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An Apple tablet is reportedly confirmed and set for a launch in Q1 2010. The tablet is pictured here in an artist's rendition, next to an iPhone for perspective.  (Source: Apple Insider)

Apple CEO Steve Jobs is reportedly devoting most of his time trying to perfect the new device and push his engineers to create the best product possible.  (Source: AP)
Can Apple craft a successful tablet device where others have failed?

When it comes to electronics product design, few executives or managers are as demanding or as uncompromising as Apple CEO Steve Jobs.  While others have played arguably more important roles in the technical or artistic direction of the iPod, iPhone, and unibody MacBooks, it has consistently been Mr. Jobs that has pushed his engineers to cut the devices' weight and footprint, all while packing in top functionality.

Many feared that the iPhone would be his final opus, when he departed the company with a failing liver.  However, less than a year later, Mr. Jobs is back in action, and according to the Wall Street Journal, he has one thing on his mind -- the new Apple tablet.

Last October in an earnings call, Mr. Jobs famously remarked, "We don't know how to make a $500 computer that's not a piece of junk."

However, that's exactly what Apple is trying to do, in essence.  They're trying to create a luxury-brand netbook with more power and functionality, that's a small step up from traditional netbooks in price -- similar to its business model in the notebook sector that sees it selling ultralight, long-battery life notebooks for a markup.

Reportedly, Mr. Jobs is acting as a ruthless and relentless captain, demanding long hours, efficiency, and secrecy of his employees.  This comes to a shock to many Apple employees who were beginning to enjoy more freedoms while Mr. Jobs was on leave.  States a source at Apple, "People have had to readjust."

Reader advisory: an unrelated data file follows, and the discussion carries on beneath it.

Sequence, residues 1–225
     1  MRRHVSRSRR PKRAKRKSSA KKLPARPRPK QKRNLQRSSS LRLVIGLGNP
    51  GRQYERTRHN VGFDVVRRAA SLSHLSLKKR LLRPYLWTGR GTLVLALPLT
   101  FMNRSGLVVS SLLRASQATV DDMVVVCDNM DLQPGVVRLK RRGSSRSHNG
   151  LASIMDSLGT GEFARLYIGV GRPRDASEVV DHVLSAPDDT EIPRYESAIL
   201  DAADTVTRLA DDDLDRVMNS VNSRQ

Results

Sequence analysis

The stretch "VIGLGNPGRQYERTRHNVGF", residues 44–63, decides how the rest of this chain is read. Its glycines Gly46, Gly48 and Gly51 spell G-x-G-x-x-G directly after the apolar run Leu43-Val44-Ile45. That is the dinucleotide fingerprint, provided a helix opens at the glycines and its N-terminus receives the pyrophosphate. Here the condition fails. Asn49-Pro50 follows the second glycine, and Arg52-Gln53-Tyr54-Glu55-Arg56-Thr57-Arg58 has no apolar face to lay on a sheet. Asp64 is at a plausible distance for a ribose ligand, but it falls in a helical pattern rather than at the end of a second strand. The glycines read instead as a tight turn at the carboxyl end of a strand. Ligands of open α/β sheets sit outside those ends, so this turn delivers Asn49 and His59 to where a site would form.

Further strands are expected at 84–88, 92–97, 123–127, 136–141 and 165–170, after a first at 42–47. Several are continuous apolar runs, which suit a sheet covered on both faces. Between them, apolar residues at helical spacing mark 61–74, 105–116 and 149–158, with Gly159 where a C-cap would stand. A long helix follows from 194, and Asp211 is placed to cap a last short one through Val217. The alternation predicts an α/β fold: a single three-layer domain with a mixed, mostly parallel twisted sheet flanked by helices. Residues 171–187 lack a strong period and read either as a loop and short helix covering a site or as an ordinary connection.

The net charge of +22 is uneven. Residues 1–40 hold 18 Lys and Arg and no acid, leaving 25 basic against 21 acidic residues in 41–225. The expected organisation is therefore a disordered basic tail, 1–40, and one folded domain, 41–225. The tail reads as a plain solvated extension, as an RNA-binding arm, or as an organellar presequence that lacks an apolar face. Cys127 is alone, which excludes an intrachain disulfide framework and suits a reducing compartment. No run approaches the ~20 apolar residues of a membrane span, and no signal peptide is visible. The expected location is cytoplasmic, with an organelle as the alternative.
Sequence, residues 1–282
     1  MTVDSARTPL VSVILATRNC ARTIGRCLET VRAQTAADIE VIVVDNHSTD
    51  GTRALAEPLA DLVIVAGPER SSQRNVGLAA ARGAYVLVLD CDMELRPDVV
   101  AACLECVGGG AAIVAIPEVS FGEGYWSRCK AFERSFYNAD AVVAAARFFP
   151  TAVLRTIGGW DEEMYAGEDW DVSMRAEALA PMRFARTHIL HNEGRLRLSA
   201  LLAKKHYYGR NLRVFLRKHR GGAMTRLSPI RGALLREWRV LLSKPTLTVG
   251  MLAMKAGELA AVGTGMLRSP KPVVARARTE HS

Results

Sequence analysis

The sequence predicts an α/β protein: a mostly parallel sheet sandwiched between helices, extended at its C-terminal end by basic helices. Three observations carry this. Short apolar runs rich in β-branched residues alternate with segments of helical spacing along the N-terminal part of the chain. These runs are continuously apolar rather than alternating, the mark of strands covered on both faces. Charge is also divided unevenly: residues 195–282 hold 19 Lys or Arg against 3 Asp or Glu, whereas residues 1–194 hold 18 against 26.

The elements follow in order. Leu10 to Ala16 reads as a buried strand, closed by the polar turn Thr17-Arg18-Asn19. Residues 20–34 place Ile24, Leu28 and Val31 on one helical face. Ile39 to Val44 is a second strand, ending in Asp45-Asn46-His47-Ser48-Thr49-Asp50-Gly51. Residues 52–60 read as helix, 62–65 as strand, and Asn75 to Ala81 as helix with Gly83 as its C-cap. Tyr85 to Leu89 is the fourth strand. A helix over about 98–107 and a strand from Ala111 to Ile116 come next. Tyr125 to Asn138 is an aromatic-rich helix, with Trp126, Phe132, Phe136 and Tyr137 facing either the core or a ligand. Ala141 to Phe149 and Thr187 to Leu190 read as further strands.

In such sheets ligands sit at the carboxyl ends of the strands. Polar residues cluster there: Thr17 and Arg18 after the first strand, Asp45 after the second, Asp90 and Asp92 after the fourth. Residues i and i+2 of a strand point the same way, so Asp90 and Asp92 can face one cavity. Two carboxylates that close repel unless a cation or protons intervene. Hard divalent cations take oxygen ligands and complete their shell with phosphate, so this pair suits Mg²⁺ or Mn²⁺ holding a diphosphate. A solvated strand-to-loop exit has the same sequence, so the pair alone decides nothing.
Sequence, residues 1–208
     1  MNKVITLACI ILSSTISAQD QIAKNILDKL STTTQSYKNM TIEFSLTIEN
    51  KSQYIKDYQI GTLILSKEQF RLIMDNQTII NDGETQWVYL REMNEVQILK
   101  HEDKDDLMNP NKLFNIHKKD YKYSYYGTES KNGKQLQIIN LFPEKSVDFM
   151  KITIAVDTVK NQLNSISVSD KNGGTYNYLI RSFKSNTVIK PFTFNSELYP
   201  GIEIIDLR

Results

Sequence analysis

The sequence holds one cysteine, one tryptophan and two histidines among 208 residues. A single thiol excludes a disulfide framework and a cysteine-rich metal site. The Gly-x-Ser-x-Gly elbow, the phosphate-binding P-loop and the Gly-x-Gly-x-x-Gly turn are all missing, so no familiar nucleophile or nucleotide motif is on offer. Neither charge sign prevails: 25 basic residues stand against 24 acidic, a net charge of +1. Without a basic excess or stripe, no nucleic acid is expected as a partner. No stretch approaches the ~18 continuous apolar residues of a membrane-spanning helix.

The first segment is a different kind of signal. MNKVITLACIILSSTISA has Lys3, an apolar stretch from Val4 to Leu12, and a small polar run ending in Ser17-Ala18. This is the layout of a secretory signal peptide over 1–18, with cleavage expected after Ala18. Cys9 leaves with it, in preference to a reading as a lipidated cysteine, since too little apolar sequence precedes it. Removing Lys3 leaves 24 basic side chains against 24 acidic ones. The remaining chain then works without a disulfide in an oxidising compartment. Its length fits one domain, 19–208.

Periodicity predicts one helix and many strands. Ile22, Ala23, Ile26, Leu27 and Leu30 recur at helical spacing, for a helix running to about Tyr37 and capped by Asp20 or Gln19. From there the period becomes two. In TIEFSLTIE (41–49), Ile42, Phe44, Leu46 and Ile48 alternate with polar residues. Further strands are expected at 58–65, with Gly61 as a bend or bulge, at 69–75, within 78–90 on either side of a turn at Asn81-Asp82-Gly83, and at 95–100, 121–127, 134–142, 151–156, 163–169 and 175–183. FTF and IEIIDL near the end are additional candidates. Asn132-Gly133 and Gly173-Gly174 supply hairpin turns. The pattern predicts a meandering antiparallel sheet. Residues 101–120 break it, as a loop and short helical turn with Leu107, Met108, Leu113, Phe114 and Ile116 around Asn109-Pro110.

In a brief email Mr. Jobs reportedly contradicted these comments, telling the WSJ, "Much of your information is incorrect."

The new device is reportedly very important to Apple.  With iPod sales slowing, Apple is looking for a new hit to recharge its lineup and keep the so-called "halo effect" going.  The tablet market -- sparked by Microsoft a decade ago, but with currently only 1.4 percent PC marketshare -- seems an ideal place to start.

Reportedly Apple has been working on a tablet for almost a decade now, first filing a patent in 2000.  Mr. Jobs reportedly killed the project twice due to disappointing battery life among other things.  Now, with the iPhone's development lighting the way, it appears Apple is finally set to green light the device.  According to the WSJ, Apple may be pressured to release its tablet at $499 or less, due to the plethora of Windows and Linux netbooks priced in the same range.

Apple's tremendous secrecy makes it hard to determine fact from fantasy, but its clear that something is afoot in Cupertino. 

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RE: first things first...
By Flunk on 8/25/2009 11:06:32 AM , Rating: 3
Good luck with that, with current prices that's pretty much impossible in that price range. 3. means you need to move to at least the Ion platform, killing your price 4. requires a larger chassis than you would really want. 5. kills your price more. Tablets have digitizers, adding more to the price.

Fairly enough a $1000 is really what you'd be looking at for a decent low-cost tablet. I think HP already sells something in this market but it might not be easily upgraded.

RE: first things first...
By StevoLincolnite on 8/25/2009 11:13:09 AM , Rating: 2
I never stated specifically that it had to be an Atom+Ion Platform, for all I care I would be happy with an underclocked/undervolted Athlon 64 combined with a 785G chipset with a Radeon 4200 in it. (Also uses less power to!)

Or even go the way of the Via Nano and the S3 Chrome chipset. (Still better than an Intel IGP!)

The issue with the Atom is that you are either stuck with:

1) The relatively expensive ION.

2) The Power sucking Intel Decelerator.

But you get more choice if you go AMD, or Via.

RE: first things first...
By Mitch101 on 8/25/2009 3:55:43 PM , Rating: 1
What parts does a tablet have that a laptop doesnt?

Usually a tablet doesn't have a built in DVD drive or keyboard but includes a touch screen and a webcam.

Now why again are these things priced twice as much as their laptop counter parts?

"A politician stumbles over himself... Then they pick it out. They edit it. He runs the clip, and then he makes a funny face, and the whole audience has a Pavlovian response." -- Joe Scarborough on John Stewart over Jim Cramer
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